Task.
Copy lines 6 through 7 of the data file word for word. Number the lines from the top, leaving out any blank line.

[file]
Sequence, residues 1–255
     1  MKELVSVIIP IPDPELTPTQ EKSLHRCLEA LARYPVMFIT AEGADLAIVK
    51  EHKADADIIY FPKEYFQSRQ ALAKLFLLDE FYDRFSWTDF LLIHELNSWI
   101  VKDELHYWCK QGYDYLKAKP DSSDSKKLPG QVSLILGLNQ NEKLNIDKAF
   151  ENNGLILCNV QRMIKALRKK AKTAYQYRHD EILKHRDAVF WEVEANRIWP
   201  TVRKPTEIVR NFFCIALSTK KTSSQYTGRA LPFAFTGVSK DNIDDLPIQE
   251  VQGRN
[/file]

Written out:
   201  TVRKPTEIVR NFFCIALSTK KTSSQYTGRA LPFAFTGVSK DNIDDLPIQE
   251  VQGRN